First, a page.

Facts About Italian Food Part 1

Italian Food Facts


1.  Italians take their food very seriously.  The main meal of the day is at lunch time. 
The word for 'the lunch ' is il pranzo.

You start with antipasti: these are nibbles like olives, cheese and salami, followed by.........
il primo (the first course which is pasta or minestrone) then
il secondo (the main course which is meat or fish with salad or vegetables)
then there is fruit and perhaps a dessert.
Finally there is espresso coffee.

2.  Italians eat many things that are not usually eaten in the UK, for example, snails, horse, donkey, hedgehog, goat, guinea pig, rabbit and hare, wild boar, sea urchin, sea snails, octopus, squid, sparrows, peacock.......and many more!

3.  You only drink milky coffee, like cappuccino and caffelatte, first thing in the morning for breakfast. 
The word for 'the breakfast' is la prima colazione.
You dunk cakes and biscuits into the milky coffee. 
You can also make a 'soup' by mashing your biscuits into the cup of coffee and eating it with a spoon.   
Italians do not drink milky coffee at any other time of day.

4.  Here are the names of some foods in Italian:-
Trifle is la zuppa inglese - English soup.
Swiss roll is salame farcito - stuffed sausage.
Plain sponge cake is pan di Spagna - Spanish bread.
Fruit salad is macedonia di frutta.
Sea food is frutti di mare - fruits of the sea.

The dessert called Tiramisù actually means 'Pick me up.
The Italian dish called Saltimbocca (slices of veal rolled up with ham and sage) actually means 'Jump into mouth.'

5.  Before eating a meal, Italians say to each other
'Buon appetito!' 

This means 'Good appetite!' and it is wishing everyone a good appetite so that they enjoy their meal.
Italians often say that 'a good appetite develops whilst you are eating' - 'L'appetito vien mangiando.'

6.  The pizza was invented in Naples during the 18th century.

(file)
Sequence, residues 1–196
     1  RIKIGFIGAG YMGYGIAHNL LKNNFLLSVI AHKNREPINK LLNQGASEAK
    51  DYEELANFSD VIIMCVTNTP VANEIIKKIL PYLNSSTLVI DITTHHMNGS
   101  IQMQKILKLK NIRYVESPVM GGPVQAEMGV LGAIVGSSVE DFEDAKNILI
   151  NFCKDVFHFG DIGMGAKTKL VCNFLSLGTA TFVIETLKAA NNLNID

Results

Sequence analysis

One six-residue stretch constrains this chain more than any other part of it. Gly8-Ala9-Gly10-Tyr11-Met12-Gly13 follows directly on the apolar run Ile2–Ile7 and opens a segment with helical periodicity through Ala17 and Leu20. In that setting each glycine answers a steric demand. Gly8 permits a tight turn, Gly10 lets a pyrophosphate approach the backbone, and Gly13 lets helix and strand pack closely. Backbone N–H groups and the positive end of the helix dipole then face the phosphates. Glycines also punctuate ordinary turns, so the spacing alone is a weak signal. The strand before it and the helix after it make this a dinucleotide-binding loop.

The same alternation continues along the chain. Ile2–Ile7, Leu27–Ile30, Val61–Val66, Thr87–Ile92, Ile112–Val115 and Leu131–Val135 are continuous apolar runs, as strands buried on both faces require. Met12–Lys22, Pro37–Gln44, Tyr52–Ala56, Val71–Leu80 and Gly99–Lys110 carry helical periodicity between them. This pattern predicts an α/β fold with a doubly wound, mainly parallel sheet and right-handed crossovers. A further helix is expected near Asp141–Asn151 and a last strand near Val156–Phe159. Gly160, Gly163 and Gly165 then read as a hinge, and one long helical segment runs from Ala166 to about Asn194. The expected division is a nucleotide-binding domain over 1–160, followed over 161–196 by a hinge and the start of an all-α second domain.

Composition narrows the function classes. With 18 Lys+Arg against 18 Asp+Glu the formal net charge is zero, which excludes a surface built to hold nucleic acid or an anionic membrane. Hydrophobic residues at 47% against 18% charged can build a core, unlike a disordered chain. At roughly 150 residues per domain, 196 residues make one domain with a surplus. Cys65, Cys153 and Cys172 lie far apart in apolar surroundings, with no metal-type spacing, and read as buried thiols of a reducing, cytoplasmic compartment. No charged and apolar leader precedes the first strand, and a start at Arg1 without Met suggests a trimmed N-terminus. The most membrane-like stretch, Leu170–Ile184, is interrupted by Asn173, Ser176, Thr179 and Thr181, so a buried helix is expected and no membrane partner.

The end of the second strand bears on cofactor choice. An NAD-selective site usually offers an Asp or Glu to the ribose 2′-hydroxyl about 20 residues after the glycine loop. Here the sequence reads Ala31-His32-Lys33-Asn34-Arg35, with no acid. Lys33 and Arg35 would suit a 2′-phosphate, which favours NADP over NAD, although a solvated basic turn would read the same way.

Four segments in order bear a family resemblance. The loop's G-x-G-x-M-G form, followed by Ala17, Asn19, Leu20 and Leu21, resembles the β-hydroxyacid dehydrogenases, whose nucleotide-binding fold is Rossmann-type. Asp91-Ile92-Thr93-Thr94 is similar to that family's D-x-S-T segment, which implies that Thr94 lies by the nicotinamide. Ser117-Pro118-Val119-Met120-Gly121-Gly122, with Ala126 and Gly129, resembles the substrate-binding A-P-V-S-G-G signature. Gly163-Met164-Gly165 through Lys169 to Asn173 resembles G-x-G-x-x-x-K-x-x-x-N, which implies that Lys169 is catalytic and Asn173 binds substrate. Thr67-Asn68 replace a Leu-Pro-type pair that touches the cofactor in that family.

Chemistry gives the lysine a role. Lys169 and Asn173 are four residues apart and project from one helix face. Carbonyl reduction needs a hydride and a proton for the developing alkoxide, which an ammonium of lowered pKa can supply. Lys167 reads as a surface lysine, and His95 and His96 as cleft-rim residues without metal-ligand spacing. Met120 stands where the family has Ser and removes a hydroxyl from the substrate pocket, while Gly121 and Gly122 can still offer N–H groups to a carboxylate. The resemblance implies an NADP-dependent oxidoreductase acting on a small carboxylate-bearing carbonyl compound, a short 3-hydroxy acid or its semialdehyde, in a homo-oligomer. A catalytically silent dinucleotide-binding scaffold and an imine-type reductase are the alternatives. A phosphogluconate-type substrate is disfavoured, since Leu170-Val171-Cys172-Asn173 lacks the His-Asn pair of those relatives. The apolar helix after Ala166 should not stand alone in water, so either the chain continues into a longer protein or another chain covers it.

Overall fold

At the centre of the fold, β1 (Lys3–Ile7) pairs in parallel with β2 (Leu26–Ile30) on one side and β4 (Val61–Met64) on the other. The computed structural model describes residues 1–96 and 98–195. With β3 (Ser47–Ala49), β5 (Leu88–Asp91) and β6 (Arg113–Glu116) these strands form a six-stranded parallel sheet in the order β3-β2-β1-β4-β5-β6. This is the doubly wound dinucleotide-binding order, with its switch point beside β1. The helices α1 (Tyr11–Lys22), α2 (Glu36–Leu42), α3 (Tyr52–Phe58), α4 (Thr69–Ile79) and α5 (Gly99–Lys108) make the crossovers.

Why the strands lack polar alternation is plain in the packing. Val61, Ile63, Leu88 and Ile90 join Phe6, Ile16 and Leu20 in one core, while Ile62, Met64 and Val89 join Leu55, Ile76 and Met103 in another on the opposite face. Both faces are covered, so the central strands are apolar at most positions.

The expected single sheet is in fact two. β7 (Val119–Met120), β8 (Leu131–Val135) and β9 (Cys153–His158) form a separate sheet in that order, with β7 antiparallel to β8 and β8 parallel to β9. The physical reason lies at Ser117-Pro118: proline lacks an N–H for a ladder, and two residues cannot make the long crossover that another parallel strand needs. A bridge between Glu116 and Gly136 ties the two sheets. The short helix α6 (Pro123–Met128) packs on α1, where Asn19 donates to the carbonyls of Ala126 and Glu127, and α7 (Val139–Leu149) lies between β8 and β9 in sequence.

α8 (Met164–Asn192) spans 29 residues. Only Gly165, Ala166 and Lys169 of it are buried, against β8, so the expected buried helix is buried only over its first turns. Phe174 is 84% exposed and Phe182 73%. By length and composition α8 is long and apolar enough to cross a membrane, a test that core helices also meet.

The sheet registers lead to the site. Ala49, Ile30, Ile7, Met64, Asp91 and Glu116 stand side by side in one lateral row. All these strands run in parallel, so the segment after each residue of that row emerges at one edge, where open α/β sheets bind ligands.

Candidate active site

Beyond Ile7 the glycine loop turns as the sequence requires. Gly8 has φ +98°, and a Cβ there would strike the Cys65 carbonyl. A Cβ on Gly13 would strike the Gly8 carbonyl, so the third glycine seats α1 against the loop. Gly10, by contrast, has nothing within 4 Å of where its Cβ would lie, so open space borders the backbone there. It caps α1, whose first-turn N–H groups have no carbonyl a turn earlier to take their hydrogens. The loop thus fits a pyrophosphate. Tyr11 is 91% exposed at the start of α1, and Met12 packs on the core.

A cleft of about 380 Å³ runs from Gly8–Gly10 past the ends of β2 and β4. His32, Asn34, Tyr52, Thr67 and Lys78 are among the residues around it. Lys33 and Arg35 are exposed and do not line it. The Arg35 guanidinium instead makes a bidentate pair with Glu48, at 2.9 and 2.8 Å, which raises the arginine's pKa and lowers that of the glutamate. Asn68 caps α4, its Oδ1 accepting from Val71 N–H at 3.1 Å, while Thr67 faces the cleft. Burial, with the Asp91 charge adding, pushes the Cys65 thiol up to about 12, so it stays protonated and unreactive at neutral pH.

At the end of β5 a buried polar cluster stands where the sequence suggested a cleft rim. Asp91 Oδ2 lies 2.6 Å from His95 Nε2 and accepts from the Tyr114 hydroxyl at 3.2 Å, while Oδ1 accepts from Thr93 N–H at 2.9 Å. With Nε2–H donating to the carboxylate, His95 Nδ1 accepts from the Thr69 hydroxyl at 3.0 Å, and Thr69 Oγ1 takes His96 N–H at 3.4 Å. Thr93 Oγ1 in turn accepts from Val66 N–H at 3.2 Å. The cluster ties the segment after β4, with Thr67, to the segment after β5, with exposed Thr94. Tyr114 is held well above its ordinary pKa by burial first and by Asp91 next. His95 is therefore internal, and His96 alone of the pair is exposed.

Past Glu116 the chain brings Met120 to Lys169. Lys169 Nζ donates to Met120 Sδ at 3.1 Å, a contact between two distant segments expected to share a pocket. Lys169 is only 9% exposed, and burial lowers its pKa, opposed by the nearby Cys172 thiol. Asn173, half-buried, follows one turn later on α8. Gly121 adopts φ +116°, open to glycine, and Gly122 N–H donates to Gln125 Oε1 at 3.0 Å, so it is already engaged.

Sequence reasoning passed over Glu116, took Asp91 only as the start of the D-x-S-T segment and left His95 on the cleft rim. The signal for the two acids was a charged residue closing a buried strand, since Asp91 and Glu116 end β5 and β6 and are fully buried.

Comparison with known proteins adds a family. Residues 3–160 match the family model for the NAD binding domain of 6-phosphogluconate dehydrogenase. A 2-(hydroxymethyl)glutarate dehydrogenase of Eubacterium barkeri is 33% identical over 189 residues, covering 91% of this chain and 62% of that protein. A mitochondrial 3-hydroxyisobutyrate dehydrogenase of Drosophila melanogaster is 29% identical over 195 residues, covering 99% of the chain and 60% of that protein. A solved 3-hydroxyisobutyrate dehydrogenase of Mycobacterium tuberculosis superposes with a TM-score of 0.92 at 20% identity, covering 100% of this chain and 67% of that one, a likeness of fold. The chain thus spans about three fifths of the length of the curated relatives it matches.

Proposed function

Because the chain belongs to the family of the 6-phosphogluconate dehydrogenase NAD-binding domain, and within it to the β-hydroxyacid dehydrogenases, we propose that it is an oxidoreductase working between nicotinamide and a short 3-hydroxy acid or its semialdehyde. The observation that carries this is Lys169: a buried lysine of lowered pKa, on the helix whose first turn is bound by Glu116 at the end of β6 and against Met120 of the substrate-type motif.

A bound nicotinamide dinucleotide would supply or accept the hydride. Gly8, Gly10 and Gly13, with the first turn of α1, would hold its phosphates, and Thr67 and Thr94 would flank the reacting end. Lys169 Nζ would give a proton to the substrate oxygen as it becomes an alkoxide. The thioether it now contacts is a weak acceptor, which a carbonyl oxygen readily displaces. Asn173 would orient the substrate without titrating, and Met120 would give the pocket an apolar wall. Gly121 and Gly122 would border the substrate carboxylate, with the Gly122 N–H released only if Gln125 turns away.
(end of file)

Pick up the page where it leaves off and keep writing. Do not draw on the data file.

Originally, it was just a dry, flat bread and was considered food for poor people.
During a tour of her country in 1889, Queen Margherita of Italy tried some of the flat bread.  She liked it so much that she ordered her chef to prepare various types of pizza for her.  He decided to make a pizza containing the three colours of the Italian flag with mozzarella cheese (white), tomato (red) and basil (green).  He then named the pizza in her honour - Pizza Margherita.  It became one of her favourite foods.

pizza Margherita     Queen Margherita

7.  At Christmas, Italians eat a special bread-cake called
il panettone. 
On the 1st. of January, Italians eat lentils for good luck in the new year.
At Easter, they eat a special bread-cake in the shape of a dove.  It is called la colomba

8. Pasta is the most important food in Italy.  It means 'paste' because it is a paste of water, flour and sometimes egg.  It can be either 'dried' or 'fresh.'   There are hundreds of different shapes and types of pasta.   Pasta dishes are normally eaten as a first course (un primo piatto).
Here are a few pasta shapes and the meanings of their names:
farfalle = butterflies
penne = quills / pens
fusilli = spindles
spaghetti = strings
vermicelli = little worms

conchiglie = shells
tortellini = little pies
fettucine = little slices

To see a pasta recipe click HERE

9.  The original name for 'spaghetti' was 'maccheroni.'  The word 'spaghetti' actually means 'strings.'
Before the existence of pasta factories, people made their own spaghetti and would hang it outside to dry.  Below is a photo of people in Palermo, Sicily, hanging out spaghetti to dry.

Palermo
(Image from Wikimedia Commons.  Photograph: 'Palermo. Fabbrica di maccheroni' by Giorgio Sommer, 1834-1914.)

10.  The Agnese family opened the very first pasta factory near Genova in 1824.  A few years later, the Buitoni family opened their pasta factory

11.  The long pasta known as 'tagliatelle' (it looks like flat spaghetti) was created by a chef in honour of Lucrezia Borgia's long blond hair.  Lucrezia lived from 1480 till 1519.  She was also known as Lucrezia d'Este and she was Duchess of the town of Ferrara.


12.  There are different types of premises serving food in Italy.  For example:
Ristorante - serves all foods but not pizza.
Trattoria - serves all foods but not pizza. This is an 'informal' restaurant where you may be expected to share your table with strangers.
Pizzeria - specialises in pizza.
Agriturismo - a restaurant on a farm, serving home-produced food.
Tavola calda - self-service restaurant, literally meaning 'hot table.'
Rosticceria - a 'take-away' serving roast meat, especially chicken.
Paninoteca - a sandwich shop bar.
Spaghetteria - specialises in pasta.

Often, an eating place is a combination of categories, e.g.-
Ristorante-Pizzeria, Bar-Paninoteca, Bar-Pizzeria, etc.....

13.  On the dining table in Italian homes there is always water, wine and bread.  An Italian superstition is not to place bread upside-down on the table as it is considered to bring bad luck!
Here is some vocabulary:  il vino bianco - white wine
il vino rosso - red wine
il pane - bread
l'acqua - water


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